change that takes place right in front of you. Another type, attentional blindness , results from focusing so intently on one thing that you don't notice something else. See the University of Illinois' Visual Recognition Lab's Web site for videos (some very humorous) that demonstrate these types of blindness.
The most well-known of the experiments in this field is the invisible gorilla experiment . In this experiment, you watch a video of several people, some in white shirts and some in black shirts, tossing two balls around. You're directed to silently count the number of tosses among the people in the white shirts. As they toss the balls around, a gorilla (or at least a confederate dressed as a gorilla) saunters right through the circle of ball-tossers. It stops in the middle, beats its chest, and walks away.
Do you think you'd see the gorilla? Most people say, absolutely, no question about it. And, maybe you would see it. But, about half the people who participate in the experiment are so preoccupied counting the balls that they missed the gorilla. Even people who are forewarned about the gorilla (such as you) sometimes watch the video and don't see it.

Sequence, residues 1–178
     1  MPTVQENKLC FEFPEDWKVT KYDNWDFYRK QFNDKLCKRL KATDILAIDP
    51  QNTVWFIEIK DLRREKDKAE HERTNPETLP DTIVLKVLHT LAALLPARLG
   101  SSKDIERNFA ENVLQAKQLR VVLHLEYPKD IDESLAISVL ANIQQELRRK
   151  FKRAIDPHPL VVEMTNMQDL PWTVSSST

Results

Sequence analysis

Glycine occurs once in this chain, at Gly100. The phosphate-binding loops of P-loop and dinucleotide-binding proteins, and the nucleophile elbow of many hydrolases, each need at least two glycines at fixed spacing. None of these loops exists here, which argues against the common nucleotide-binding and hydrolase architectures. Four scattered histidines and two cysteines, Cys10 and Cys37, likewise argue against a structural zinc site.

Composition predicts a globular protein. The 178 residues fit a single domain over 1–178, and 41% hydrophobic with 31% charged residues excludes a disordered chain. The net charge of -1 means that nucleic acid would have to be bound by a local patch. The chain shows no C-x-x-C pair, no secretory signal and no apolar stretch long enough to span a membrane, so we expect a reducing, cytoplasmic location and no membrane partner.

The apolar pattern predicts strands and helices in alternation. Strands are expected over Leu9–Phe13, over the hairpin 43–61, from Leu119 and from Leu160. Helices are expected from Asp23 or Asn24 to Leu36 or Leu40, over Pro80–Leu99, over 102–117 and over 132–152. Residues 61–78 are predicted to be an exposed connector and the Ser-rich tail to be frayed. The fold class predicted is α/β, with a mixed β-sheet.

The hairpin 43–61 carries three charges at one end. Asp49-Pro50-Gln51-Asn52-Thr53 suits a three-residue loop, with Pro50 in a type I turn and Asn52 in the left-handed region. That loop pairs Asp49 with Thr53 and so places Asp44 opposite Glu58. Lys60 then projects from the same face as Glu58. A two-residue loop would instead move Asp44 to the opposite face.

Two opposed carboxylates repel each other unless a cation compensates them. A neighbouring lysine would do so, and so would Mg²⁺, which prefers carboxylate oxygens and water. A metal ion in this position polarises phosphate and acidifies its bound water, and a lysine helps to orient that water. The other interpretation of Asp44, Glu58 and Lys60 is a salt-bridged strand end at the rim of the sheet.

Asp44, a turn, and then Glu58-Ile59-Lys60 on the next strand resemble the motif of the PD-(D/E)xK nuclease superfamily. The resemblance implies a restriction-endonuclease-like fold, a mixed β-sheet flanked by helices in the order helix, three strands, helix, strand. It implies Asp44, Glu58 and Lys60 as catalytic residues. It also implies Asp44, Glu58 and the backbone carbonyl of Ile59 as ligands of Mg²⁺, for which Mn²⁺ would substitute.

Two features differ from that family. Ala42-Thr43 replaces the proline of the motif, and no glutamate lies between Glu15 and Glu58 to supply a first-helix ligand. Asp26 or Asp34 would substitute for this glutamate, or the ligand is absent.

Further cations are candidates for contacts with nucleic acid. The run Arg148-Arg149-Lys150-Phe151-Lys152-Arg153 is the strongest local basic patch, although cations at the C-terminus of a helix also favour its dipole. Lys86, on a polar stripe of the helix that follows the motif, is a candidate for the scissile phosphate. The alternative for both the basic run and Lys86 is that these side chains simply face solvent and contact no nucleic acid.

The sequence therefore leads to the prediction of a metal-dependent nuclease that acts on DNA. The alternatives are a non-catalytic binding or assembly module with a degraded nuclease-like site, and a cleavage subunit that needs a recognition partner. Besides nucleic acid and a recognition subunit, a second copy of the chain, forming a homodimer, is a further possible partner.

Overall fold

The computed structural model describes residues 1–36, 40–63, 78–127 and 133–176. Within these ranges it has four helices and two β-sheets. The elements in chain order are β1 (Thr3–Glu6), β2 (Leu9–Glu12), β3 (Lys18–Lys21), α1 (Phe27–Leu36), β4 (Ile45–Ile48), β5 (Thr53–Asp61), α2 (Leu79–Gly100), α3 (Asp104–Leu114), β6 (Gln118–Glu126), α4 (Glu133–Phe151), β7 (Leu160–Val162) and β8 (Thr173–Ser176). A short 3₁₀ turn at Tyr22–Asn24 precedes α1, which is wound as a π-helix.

Try it yourself at the link above. Even if you see the gorilla, might you have missed it if you didn't know about it, as was the case for the research participants? Much as I wish I could say otherwise, I'd have been among those who didn't see it. I'd have been so focused on counting and so determined to get the count right that I'd have missed the gorilla altogether-just as I missed seeing my gate as A52.
What intrigues me about my departure gate situation is that I wasn't blind due to being distracted by something else; I was blind due to being distracted by my belief about what I'd see. As the research demonstrates, we sometimes see little of what's going on around us and easily miss essential information that's right in front of us. (Yet another reason not to text while driving.)
In preparation for future travels, I'm taking a remedial course in my ABCs.